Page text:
As noted in this slightly dated CNN Money article, the number of credit union accounts is growing. The cause, according to the article, is that “a growing number of consumers grew fed up with the fees at the nation’s biggest banks and took their money elsewhere.” I’ve noticed in many of my conversations that a large driver is better customer service (actual or perceived) or the credit union has a relationship with the person’s employer. And, not surprisingly, I find that many (if not most) of my client families have one or more credit union accounts. I’m a huge fan of great service, so I love to see my client families getting great service. But, as a dedicated Grand Rapids, Mi estate planning attorney I’m troubled to find out that many of them are receiving bad advice about how to properly coordinate their credit union accounts with their living trust estate plan.
As with most things in life, the “best” way to handle something is based on each family – your goals, values, and how they want their trust to work. And generally speaking we recommend that our client families have their trust own their bank and credit union accounts. Up until a couple of years ago, clients were able to just change the owner of the account with new signature cards, whether it was a bank or credit union account. About two years ago I started getting client calls saying that their credit union recommended against changing the ownership of the account.
Why? Well, for whatever reason the credit unions started requiring you open a new account to change ownership (e.g. you could not change the owner on an existing account). I honestly don’t know if that is an internal policy issue at each credit union or if it was an “edict” from the government regulators, so please know that I’m not bashing credit unions … I’m not. And this may not be the case at all credit unions, but I have not had an exception to this rule for any of my client families over the past couple of years, so it seems to be a common practice.
Although I don’t necessarily agree with the policy, what I really find troubling is that almost every one of our client families was told, “you don’t want to change the owner because that requires opening a new account, changing all your auto-deposits and auto-deductions, and then closing out your old account. You can just name your trust as beneficiary of your account – that’s the same thing.” Please don’t misunderstand me – I understand the practical *pain in the butt* it is to change all those automatic things, believe me. But, the fact is that naming a beneficiary is not the same thing as having your trust as the owner.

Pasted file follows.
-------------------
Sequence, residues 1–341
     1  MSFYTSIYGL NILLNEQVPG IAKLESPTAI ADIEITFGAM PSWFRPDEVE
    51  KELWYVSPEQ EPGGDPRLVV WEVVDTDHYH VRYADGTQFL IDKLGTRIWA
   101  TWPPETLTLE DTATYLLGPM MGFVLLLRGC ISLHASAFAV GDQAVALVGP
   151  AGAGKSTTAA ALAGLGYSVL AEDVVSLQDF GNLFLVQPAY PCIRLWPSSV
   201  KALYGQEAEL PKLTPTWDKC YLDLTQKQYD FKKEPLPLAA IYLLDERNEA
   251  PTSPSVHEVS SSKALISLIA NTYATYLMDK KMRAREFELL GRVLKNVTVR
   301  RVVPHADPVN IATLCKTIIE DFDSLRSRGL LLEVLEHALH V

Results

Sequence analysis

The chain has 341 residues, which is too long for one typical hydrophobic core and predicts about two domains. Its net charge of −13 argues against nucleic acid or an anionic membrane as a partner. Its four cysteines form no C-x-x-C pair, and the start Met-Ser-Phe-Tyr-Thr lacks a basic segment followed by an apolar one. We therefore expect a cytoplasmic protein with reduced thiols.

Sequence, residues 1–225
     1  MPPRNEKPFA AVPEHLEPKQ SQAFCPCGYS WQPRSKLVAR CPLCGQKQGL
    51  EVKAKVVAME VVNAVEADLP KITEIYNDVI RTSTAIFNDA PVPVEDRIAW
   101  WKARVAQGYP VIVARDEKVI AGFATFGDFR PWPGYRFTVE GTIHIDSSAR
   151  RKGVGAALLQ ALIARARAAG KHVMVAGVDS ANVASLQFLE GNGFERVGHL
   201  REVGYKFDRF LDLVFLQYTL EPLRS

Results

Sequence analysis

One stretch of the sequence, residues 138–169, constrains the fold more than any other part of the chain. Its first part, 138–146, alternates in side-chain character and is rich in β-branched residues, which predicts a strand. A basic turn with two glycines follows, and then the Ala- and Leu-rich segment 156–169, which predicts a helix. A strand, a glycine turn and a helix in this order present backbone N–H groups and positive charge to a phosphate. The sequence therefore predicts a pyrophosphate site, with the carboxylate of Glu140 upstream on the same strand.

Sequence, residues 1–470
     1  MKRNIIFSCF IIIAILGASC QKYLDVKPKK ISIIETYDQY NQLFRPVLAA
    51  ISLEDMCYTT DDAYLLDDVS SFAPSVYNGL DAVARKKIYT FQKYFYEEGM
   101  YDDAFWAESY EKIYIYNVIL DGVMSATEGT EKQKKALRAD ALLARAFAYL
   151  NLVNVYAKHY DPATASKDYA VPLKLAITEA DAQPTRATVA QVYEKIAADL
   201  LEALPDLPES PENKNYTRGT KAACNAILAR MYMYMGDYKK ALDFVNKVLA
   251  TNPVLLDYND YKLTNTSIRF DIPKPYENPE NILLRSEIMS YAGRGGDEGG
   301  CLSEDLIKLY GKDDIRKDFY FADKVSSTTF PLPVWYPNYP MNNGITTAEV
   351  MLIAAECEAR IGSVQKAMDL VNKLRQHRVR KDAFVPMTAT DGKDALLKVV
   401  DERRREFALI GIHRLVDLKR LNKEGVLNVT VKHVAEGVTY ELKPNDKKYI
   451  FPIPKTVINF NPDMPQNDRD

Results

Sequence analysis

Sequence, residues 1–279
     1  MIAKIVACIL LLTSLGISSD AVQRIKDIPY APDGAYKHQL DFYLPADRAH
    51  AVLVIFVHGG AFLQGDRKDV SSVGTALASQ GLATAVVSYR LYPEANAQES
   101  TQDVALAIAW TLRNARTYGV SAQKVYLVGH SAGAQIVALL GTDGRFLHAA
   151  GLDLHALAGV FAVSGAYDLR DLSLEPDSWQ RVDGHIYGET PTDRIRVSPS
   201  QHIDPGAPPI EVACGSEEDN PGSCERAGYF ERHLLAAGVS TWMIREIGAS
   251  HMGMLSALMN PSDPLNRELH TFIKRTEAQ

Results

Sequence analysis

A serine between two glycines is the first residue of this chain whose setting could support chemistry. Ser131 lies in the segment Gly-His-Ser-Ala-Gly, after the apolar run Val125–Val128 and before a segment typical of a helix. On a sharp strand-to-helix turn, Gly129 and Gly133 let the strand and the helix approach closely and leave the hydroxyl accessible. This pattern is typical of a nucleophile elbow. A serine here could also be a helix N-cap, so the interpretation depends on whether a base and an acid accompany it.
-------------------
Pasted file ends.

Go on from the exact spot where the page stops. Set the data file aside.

As I wrote in this previous blog post, trusts are an incredible incapacity planning tool. But, it’s only a great incapacity planning tool for those things that it owns. If it’s not in the name of your trust, your trustee won’t have legal authority to handle or take care of it during your incapacity. So, in the above example, if your trust is just a beneficiary of your credit union account, your trustee will not be able to access it during your incapacity. But if it is “owned” by your trust, your trustee can access it to continue to pay bills, take care of you, and take care of your children or others who you help support.
So, choose what is best for your family after talking it through with your estate planning attorney, and remember the difference between owning and being a beneficiary.
Michael Lichterman is an estate planning and charitable planning attorney who helps families and business owners create a lasting legacy by planning for their Whole Family Wealth™. This goes beyond merely planning for “stuff” – it’s about who your are and what’s important to you. He focuses on estate, charitable, and asset protection planning for all generations (“young” and “experienced”), the “sandwich generation” (caring for parents and children), doctors/physicians, nurses, lawyers, dentists, professionals with minor children, family owned businesses, and pet planning. He enjoys creating life long relationships with his clients centered on their family’s values, insights, stories and experiences.